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Lashou Makes Me Queasy

Posted on Thursday, Dec 15th 2011

It is not just technology companies in the U.S. that have been toying with the idea of going public this year. Several international technology companies are also evaluating the possibility of listing themselves on the U.S. stock exchanges. The Bloomberg IPO Index may have reported a decline of 26% this year, compared with a 5% decline in the Standard & Poor’s 500 Index, but the recent index by Renaissance Capital shows that the performances of international stocks are improving. The FTSE Renaissance Global IPO Index reported growth of 15.2% during October.

Lashou Group’s Financials
Recently, China-based Lashou Group was another international player conducting its roadshow to list on the Nasdaq. Founded in 2009, Lashou is China’s equivalent of Groupon and Foursquare. The location-based social commerce solution provider was ranked by iResearch as the leading independent online social commerce companies in China.

The site claims to report more than 1,000 daily listings of local offerings in more than 500 markets in China. As of October 2011, they had a cumulative merchant base of 46,000. For the third quarter of this year, they had 29.7 million average monthly unique visitors compared with 295,000 during the second quarter of the previous year. As of September 2011, registered users grew from 53,000 in March 2010 to 16.8 million, and active paying users grew from 25,000 to 3.3 million during the same period.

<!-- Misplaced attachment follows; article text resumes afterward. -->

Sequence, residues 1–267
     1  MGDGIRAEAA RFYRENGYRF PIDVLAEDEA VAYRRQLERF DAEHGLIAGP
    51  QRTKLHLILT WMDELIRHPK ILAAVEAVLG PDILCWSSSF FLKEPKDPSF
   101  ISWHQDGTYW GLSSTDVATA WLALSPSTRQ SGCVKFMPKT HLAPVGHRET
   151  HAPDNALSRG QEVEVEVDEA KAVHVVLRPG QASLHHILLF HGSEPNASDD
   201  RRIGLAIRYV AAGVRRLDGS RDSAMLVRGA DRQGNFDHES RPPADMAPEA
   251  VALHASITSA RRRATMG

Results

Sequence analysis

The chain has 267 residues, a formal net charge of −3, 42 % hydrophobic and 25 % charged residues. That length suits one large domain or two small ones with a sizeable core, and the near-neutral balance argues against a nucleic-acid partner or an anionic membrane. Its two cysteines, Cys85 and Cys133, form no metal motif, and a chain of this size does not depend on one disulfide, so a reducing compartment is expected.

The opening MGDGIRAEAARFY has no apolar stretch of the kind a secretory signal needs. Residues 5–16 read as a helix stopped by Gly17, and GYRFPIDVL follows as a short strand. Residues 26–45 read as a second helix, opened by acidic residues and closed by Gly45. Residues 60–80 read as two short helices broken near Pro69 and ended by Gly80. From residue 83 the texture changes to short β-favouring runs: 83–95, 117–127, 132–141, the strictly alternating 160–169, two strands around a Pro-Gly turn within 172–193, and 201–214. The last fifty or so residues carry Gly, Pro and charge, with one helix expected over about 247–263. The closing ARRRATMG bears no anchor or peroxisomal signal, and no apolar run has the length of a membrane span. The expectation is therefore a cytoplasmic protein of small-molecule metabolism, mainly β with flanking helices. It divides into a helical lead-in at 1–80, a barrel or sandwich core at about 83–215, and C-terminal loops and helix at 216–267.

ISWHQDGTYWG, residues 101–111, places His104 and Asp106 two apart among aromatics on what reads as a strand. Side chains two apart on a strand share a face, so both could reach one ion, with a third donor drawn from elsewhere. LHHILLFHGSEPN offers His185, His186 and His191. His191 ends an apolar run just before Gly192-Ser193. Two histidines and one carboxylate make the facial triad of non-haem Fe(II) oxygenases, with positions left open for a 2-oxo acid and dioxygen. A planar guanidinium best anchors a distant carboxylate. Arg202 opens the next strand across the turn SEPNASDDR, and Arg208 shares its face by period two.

Unlike Groupon, though, Lashou earns the majority of their revenues through sale of goods. During the recently ended quarter, Lashou reported 13.1 million transactions of products compared with 6.5 million purchases of services.

Last year, Lashou reported revenues of $1.62 million and a loss of $10 million. For the first half of the current year, Lashou had revenues of $8.9 million while reporting a significantly higher loss of $60.5 million. Lashou has raised $165 million in funding through investments from GSR Ventures Management, Taishan Invest AG, Tenaya Capital, Norwest Venture Partners, Rebate Networks, Milestone Partners, and Reinet Fund. Their latest round of funding was completed in April 2011, where they raised $110 million at a valuation of $1.1 billion. In fact, late last year, Groupon was looking to purchase stake in Lashou in a deal that had Lashou valued at $500 million.

Fueled by the IPO rush, Lashou too filed their S-1 to raise $80 million by selling 5.4 million American depository receipts in the U.S. at $13-$15 each. However, “accounting issues” have resulted in the postponement of the issue.

Lashou’s Opportunity
Lashou planned to use part of their IPO funds to build a call center for customer support. Market rumors also suggest that Lashou may be planning to venture into a traditional B2C market space instead to help improve their margins. They are said to be restructuring their operations to move to a lifestyle-focused e-commerce platform to compete with Chinese players such as Taobao.com and to be entering into long-term agreements with sellers and moving to a semiannual subscriber-based model for retail partners.

iResearch estimates that number of unique Internet users buying services or products online in China will grow from 80 million in 2010 to 183 million by 2015, reflecting a penetration rate of 34% in 2015 compared with a 19% penetration rate in 2010. Euromonitor also predicts that China’s retail and service sectors will grow at a CAGR of 11.1% from 2010 to 2015, which means it could grow from $1.2 trillion to $2 trillion. Lashou is hoping to ride this Internet e-commerce wave in China to expand further.

This company reminds me to MercadoLibre, Latin America’s e-commerce leader, which had to wait several years for the market to become ready for them. But once it did, they were well positioned to capitalize on the opportunity. Nonetheless, the tremendous amount of financing, the huge burn rate, and the lack of revenue comprise a cocktail that makes me queasy!

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